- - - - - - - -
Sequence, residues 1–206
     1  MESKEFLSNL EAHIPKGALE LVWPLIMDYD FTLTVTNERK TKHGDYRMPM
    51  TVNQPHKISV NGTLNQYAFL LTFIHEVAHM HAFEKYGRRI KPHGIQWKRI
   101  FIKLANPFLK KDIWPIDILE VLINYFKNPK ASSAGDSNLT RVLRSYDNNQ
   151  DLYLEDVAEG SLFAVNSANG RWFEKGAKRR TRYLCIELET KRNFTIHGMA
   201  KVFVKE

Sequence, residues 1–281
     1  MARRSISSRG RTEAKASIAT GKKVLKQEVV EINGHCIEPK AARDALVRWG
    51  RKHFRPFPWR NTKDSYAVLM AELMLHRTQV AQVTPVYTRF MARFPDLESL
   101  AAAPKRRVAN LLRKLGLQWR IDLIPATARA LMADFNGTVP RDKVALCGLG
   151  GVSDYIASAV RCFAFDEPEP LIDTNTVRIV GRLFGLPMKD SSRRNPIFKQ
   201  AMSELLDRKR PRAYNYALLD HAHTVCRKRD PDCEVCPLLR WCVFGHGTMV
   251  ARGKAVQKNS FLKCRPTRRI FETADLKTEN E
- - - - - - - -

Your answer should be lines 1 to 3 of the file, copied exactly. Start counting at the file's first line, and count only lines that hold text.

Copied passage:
Sequence, residues 1–206
     1  MESKEFLSNL EAHIPKGALE LVWPLIMDYD FTLTVTNERK TKHGDYRMPM
    51  TVNQPHKISV NGTLNQYAFL LTFIHEVAHM HAFEKYGRRI KPHGIQWKRI